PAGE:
W3C home > Mailing lists > Public > w3c-wai-ig@w3.org > October to December 1997

DESC and TABLE: descriptions for groups of elements (fwd)

From: MegaZone <megazone@livingston.com>
Date: Wed, 22 Oct 1997 22:38:47 -0700 (PDT)
Message-Id: <199710230538.WAA18914@server.livingston.com>
To: w3c-wai-ig@w3.org
Once upon a time Kasday, Leonard shaped the electrons to say...
>organization is obvious to a sighted user, because of the visual design
>principles implemented by the layout.  However, a blind user has no way
>of immediately knowing this organzation.   I think it would be useful,

Wouldn't this fall under the use of AXIS, AXES, and SCOPE to group
table information?

>	3. HTML syntax may limit  use of DIV: for example, is it legal
>to have <DIV> in the middle of a table row and matching </DIV> in the
>middle of the next table row?  

DIV would be all wrong - it is a block element.  SPAN would be a better
choice to start working with.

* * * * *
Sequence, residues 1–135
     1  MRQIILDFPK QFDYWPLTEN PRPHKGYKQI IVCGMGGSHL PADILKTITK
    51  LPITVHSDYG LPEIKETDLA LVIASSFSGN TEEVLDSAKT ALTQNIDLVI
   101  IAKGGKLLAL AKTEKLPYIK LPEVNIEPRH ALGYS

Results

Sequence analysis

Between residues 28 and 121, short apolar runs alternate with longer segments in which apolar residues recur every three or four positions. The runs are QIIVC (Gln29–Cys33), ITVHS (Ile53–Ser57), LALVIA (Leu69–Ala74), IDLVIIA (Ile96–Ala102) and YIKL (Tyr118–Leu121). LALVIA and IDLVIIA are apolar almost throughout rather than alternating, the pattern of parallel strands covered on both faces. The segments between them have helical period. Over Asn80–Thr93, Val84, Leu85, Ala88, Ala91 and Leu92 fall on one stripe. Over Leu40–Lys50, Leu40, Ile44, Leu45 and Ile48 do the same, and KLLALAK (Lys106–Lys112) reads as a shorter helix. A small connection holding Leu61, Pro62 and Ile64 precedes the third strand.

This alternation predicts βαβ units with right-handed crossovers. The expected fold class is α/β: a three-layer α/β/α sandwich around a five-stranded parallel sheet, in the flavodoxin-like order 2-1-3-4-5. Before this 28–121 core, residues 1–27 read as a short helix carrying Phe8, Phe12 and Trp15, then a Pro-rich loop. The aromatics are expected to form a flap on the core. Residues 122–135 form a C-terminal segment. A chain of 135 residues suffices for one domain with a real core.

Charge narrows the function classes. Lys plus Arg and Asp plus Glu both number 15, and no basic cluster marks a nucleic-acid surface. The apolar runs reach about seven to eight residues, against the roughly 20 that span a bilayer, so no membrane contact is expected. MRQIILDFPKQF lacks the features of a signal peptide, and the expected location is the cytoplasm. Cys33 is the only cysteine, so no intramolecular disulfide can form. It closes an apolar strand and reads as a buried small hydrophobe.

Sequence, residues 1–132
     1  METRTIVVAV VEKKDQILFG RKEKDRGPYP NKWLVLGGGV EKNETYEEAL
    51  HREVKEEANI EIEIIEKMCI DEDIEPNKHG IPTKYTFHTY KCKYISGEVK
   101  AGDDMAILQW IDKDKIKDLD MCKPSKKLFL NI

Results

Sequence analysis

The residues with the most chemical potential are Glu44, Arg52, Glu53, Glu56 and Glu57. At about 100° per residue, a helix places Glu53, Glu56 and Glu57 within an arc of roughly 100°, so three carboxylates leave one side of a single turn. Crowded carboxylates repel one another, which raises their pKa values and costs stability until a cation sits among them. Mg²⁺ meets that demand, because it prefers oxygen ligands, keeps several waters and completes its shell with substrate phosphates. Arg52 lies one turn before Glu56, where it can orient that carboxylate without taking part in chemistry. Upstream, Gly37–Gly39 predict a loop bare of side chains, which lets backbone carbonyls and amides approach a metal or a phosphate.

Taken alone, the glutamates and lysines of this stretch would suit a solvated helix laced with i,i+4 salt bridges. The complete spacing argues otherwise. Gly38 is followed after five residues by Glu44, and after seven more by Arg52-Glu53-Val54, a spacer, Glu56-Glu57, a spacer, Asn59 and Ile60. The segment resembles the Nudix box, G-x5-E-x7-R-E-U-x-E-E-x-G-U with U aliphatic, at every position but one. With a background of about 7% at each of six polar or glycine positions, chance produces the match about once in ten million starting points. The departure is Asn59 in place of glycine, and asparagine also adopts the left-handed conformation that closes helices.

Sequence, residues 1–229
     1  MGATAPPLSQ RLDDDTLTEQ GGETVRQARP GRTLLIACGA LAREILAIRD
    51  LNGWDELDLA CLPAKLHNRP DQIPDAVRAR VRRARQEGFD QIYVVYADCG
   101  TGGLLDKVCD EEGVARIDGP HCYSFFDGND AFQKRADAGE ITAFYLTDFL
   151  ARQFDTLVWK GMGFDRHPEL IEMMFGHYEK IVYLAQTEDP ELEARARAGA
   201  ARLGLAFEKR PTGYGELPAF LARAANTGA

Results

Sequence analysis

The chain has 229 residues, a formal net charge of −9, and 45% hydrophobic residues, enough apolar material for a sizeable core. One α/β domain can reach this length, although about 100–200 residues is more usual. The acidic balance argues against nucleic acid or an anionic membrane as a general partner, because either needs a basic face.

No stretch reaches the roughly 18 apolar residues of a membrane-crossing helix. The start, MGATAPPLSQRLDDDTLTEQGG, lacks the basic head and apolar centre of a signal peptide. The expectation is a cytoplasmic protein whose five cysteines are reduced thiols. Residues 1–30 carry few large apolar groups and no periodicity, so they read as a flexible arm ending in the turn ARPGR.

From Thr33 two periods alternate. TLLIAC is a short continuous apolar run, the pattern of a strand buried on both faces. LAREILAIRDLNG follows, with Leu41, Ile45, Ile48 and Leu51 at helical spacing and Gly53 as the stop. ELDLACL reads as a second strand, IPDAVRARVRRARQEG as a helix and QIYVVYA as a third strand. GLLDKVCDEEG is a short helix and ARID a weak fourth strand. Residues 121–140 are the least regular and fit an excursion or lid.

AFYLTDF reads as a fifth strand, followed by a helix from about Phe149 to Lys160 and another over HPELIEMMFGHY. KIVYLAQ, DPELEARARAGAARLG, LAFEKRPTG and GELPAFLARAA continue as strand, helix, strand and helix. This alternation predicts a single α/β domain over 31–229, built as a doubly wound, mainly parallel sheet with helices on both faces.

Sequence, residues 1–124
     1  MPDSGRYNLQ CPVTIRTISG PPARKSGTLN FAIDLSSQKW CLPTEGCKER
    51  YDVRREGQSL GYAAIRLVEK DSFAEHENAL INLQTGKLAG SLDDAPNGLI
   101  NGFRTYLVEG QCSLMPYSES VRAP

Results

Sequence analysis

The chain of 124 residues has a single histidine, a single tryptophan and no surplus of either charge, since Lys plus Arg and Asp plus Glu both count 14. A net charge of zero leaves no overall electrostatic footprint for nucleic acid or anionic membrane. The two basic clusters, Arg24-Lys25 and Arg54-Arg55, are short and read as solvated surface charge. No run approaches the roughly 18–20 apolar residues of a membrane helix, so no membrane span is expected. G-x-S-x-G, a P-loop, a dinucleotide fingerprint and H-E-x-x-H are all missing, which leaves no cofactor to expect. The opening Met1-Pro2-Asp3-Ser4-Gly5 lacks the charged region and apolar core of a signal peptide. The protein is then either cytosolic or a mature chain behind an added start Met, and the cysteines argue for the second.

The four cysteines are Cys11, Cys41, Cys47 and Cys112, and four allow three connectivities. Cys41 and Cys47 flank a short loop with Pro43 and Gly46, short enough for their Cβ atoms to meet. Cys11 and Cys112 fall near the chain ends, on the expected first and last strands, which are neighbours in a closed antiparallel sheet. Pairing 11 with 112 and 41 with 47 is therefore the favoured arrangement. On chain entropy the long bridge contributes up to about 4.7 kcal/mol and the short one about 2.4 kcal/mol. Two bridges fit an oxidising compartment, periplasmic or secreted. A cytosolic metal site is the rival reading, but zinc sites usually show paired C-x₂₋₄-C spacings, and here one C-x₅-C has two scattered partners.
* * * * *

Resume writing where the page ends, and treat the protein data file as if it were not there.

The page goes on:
As long as it is nested ok, it would be alright - as long as TABLE was
modified to allow SPAN as content.

The problem is nesting order.

This should be ok:

I don't believe this would be ok since the first </TR> should
close the <SPAN>;

I don't see a way to use a container to do this without violating nesting
order.  Attributes on the elements would be better.

Is there something you are thinking of in particular that AXIS, AXES, and
SCOPE wouldn't handle?

>	1.   ALT text and long description attributes for   TABLE, TR, TD

How would both of these be used?  Examples?

>	3.   A GROUP tag that defines as a group any other elements in
>the page, which may or may not be contiguous in the file.  It would have

>	     ALT

Why ALT?  When would this element ever NOT be displayed in order to 
require alternate text?  It would already have TITLE, that and LONGDESC
should be enough.

>	     ELEMENTS is a list of element ID's.  This is to define as
>groups elements that are not contiguous.

That seems like it could get messy.  Is there a demonstratable need for it?

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Received on Thursday, 23 October 1997 01:45:28 UTC

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